Entry cost: Closed
Holy Virgin Cathedral
San Francisco, USA
You’ll find this Russian Orthodox cathedral in the Richmond District of San Francisco near Golden Gate Park. The first Russian settlement in San Francisco was at Fort Ross in 1812. The current building started construction in 1961 and was complete in 1965.
The cathedral was consecrated in 1977. The cathedral was designed by Oleg N. Ivanitsky, and features five onion domes.
These are covered in 24 carat gold leaf and look spectacular. The beautiful interior is lined by icons, religious paintings and mosaics. The interior can only be seen by those who attend religious services.
Location: Richmond, San Francisco
Entry cost: Free
St Vitus Cathedral
Prague, Czech Republic
Acting as the seat of the Archbishop of Prague, the cathedral is a place of burial of several patron saints, sovereigns, noblemen and archbishops.
Take note of the bronze door, which is decorated with reliefs with scenes from the history of the cathedral and from the legends about St Wenceslas and St Adalbert.
You can also take the chance to visit the Royal Garden, Stag Moat and vineyard.
Location: III nádvoří 48/2, 119 01 Praha 1-Hradčany
Entry cost: Click here for different prices
Mihrimah Sultan Mosque
The Mihrimah Sultan Mosque is a 16th-century Ottoman mosque located in the Edirnekapı neighborhood near the Byzantine land walls of Istanbul.
Construction started on the mosque in 1563 and was completed in 1570. There is no foundation inscription on the mosque but the evidence from manuscripts suggest this.
The building has been damaged by earthquakes many times. In 1719 some of the stairs was destroyed, and in 1766 a earthquake caused the minaret and dome collapsed. The dome was further damaged by the 1999 Izmit earthquake.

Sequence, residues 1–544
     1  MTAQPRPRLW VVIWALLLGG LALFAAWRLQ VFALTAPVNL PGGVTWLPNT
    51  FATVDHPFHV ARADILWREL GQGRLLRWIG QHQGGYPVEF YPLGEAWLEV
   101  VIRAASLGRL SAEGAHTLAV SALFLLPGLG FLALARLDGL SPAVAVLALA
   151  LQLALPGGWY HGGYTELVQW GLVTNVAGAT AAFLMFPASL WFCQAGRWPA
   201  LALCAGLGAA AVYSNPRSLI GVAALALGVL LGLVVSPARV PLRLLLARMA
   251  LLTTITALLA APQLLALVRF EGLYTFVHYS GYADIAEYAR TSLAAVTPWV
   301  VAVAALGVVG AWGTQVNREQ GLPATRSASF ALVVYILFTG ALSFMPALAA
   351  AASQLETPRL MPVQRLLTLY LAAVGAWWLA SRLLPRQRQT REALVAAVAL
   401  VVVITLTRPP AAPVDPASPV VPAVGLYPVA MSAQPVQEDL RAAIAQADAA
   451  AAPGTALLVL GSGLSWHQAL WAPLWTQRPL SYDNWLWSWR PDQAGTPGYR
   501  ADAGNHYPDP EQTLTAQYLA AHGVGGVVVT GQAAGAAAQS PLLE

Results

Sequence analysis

The mosque was built on a terrace overlooking the main street and a large courtyard with a madrasah surrounds the mosque. It’s dome is 20 metres in diameter and 37 metres high.
Location: Edirnekapı, Istanbul
Entry cost: Free
Notre Dame De Paris
Considered to be one of the finest examples of French Gothic architecture, its two Gothic towers crown the western facade, which is divided into three stories. Its doors are adorned with fine early Gothic carvings and surmounted by a row of figures of Old Testament kings.
During a restoration campaign in 2019, a fire broke out in the cathedral’s attic, and the massive blaze destroyed most of the roof, Viollet-le-Duc’s 19th-century spire and some of the rib vaulting.
Location: Place du parvis de Notre Dame, Île de la Cité 4e arrondissement.
Entry: Free, but visitors will need tickets to enter the tower (€8.50) and the crypt (€6).
Since 1960 Xujiahui has been the seat for the Bishop of Shanghai, with the first-ever Chinese language Mass commencing in St. Ignatius in 1989.
A medium sized Greek church was constructed in 1851, but demolished in 1980s. With the growth of Xujiahui as a centre of Catholicism, a larger church was commissioned. Designed by English architect William Doyle, and built by French Jesuits between 1906 and 1910,
Able to accommodate 2,500 worshippers, it is said to have once been known as “the grandest church in the Far East.” The cathedral is located in Xujiahui and is near the Xujiahui Metro station exit 3.
Location: Xujiahui, Shanghai
Entry cost: Free
Checking out C & J.